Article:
2. Type your response to this last quote in the box where they want you to put text... and then the final and most important step...

3. Preview your post.  Something about the act of previewing makes the whole thing set right.  No clue why that works better than just posting - but it does.

Editing to sound a little less sure of myself... LOL!  

Edited by QueenTiye, 13 May 2003 - 06:23 AM.

Een Draght Mackt Maght


#9 QueenTiye

QueenTiye

    Behavior is not reproducible over multiple trials.

  • Islander
  • 24,302 posts

Posted 13 May 2003 - 06:46 AM

One more thing - found this reference from an old Scientific American article ...

http://songweaver.co...fo/bonobos.html (it seems that the Bonobo WERE discovered late...)

Een Draght Mackt Maght


#10 Delvo

Delvo
  • Islander
  • 9,273 posts

Posted 13 May 2003 - 06:57 AM

QueenTiye, on May 12 2003, 10:05 PM, said:

the most seemingly obvious reason for the switch in posture for humans (at least) hasn't been mentioned ... namely the clitoris...
Well, here's why I said the whole concept of the position of an organ making one position or another the "right" one or the "natural" one or whatever is weird... You'd have to treat the positions of those nerve clusters as fixed, something we're stuck with and that the rest of the body has to put up with and work around. But that's not the way it goes. The whole anterior surface of the vagina, including BOTH of the spots in question, is really one piece of tissue that begins as a spot on the skin of a fetus and stretches inward if it's a girl or outward if it's a boy. The whole thing's packed with erectile tissues and nerves. Thus, the location of a spot where the density of these cells is higher than elsewhere in the same organ is almost an arbitrary thing from a biological standpoint; they could be distributed anywhere within the whole structure without having really change the fundamental plan at all. So, if evolution can re-align our pelvises and all of the muscles and connective tissues in the area, and also move things like the rectum and urethra and kidneys and lower intestine to make that work, then it certainly can shift the balance in where nerve clusters and erectile tissues are going to be the most densely packed, by a whole whopping couple of inches, within an organ that's already packed with them anyway. In other words, whatever positions are suitable for the rest of the body, the hot spots in the groin will be wherever they have to be. After all, we inherited all of this stuff from quadrupedal ancestors, and the quadrupeds don't seem to have these things sitting around in useless places just waiting for bipedalism to come along.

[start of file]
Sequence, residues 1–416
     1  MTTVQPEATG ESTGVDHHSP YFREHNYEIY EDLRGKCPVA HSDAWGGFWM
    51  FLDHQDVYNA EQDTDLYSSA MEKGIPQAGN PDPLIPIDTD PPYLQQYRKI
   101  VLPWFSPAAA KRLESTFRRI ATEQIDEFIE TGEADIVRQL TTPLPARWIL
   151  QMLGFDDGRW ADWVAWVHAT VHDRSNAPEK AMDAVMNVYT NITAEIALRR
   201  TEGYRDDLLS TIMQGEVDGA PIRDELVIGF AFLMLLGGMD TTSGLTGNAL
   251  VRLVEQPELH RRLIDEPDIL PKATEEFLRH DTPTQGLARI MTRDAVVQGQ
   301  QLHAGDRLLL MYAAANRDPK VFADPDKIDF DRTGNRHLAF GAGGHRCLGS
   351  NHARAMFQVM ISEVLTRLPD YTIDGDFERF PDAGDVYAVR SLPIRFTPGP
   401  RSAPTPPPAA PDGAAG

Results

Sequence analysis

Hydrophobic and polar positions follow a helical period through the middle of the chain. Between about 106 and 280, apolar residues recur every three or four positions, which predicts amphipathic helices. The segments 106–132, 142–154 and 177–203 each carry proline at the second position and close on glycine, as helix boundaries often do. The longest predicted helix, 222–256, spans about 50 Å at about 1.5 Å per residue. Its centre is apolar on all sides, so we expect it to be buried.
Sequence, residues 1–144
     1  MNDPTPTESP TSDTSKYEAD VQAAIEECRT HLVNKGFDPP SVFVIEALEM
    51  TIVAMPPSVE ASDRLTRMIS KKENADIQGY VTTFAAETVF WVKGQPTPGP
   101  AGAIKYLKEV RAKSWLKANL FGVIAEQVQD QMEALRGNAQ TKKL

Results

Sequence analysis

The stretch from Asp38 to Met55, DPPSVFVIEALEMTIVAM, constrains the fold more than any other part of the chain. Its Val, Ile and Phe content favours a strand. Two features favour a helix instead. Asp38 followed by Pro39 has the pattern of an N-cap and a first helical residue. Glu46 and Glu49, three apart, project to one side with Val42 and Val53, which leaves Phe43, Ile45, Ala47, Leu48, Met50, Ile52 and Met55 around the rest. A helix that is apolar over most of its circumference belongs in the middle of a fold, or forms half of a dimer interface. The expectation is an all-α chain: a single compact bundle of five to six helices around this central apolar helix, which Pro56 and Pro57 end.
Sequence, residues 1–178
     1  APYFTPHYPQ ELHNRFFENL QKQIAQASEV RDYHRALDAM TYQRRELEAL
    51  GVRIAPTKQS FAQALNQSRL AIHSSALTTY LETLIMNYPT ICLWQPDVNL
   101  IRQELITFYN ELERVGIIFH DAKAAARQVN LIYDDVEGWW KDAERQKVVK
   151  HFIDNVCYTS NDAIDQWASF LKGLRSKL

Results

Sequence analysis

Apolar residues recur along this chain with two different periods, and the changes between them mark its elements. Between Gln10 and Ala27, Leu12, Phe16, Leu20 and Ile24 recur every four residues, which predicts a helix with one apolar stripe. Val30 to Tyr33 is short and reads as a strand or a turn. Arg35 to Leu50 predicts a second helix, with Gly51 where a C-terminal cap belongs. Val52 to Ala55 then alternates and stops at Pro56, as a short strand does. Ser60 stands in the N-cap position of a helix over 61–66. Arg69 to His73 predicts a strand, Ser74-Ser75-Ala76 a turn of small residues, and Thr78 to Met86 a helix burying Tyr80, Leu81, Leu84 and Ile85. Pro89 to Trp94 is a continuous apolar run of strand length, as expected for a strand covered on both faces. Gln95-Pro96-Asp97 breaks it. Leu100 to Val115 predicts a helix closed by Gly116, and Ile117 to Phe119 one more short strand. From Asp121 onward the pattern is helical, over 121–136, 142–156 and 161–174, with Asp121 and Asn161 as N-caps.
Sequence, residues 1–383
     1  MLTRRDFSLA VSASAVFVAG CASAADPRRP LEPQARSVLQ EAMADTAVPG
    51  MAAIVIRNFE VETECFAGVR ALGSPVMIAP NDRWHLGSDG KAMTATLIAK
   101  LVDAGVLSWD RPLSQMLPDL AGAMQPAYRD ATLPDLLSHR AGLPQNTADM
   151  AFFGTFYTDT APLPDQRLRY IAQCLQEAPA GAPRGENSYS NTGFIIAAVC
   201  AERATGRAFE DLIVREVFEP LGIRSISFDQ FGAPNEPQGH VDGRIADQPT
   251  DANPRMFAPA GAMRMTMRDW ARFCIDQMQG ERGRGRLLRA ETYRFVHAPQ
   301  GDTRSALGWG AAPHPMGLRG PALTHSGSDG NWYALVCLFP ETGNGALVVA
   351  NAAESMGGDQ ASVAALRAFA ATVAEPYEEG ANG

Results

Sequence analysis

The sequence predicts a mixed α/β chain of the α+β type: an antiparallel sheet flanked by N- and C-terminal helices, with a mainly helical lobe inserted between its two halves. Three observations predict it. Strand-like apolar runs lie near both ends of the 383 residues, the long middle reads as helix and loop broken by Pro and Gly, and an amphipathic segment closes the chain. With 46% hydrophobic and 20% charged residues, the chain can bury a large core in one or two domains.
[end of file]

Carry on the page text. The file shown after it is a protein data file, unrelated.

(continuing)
#11 Christopher

Christopher
  • Demigod
  • 32,914 posts

Posted 13 May 2003 - 01:51 PM

Delvo, on May 13 2003, 12:44 AM, said:

Well, here's why I said the whole concept of the position of an organ making one position or another the "right" one or the "natural" one or whatever is weird...
I wish to make it very clear that I would never do anything as preposterous as to equate "natural" with "right."  Evolution is not driven by moral forces, nor is morality defined by biological ones. (In fact, if you ask me, saying that sex should only be done in one position is like saying that jumping up and down on one foot constitutes dancing.)

Quote

In addition to this, the idea that it's not naturally built in to us is also counterindicated by the inordinate supply of tactile nerves in that area and by the importance of taste and smell to sexual stimulation...

Well, the former point can be addressed by reference to nursing.  It's very important for an infant to be able to find the teat by touch before the other senses are developed.  I've read the theory that kissing is an adaptation of suckling behavior.  The latter point is good, though; I can't think of a counterargument.

On the quote thing, I don't know if we're using different browsers or what (I'm in Opera), but I have no trouble including multiple quotes.  I just hit "Quote" at the upper right corner of the message I'm replying to, and I get an edit window and below that another window containing the quoted text.  I just delete all the stuff I don't need to quote from the lower window -- or if I want to quote multiple parts of the same message, I cut and paste them from the "Original Post to Quote" window into the "Enter your Post" window and put quote brackets around them manually.
"You don't use science to show that you're right, you use science to become right." -- xkcd

"The first man to raise a fist is the man who's run out of ideas." -- "H. G. Wells," Time After Time


Written Worlds -- My homepage and blog
Facebook Author Page

#12 QueenTiye

QueenTiye

    Behavior is not reproducible over multiple trials.

  • Islander
  • 24,302 posts

Posted 13 May 2003 - 03:13 PM

*SNORT!!!*

No, it has nothing to do with browsers - just perhaps a slightly more organized brain than mine... LOL!  Yah - that makes way more sense than doing what I did...

Delvo - I apologize - I rather misinterpreted what was being discussed, and I realize now that I was talking out of two ends of the string here.  Anyway - I think what I was trying to get at is that our behavior (frontal sex) evolved because it works... well...

I wasn't trying to argue that our bodies evolved to accommodate the behavior (all appearances to the contrary notwithstanding!)

Editing again:  ARG!  I can't seem to get the communications thing down correctly at all!  :(  Anyway - all appearances here refer to appearances of me arguing other than stated here, NOT to appearances of nature evolving our bodies for any particular purpose...~sigh...~

QT

Edited by QueenTiye, 13 May 2003 - 03:40 PM.

Een Draght Mackt Maght



0 user(s) are browsing this forum

0 members, 0 guests, 0 anonymous users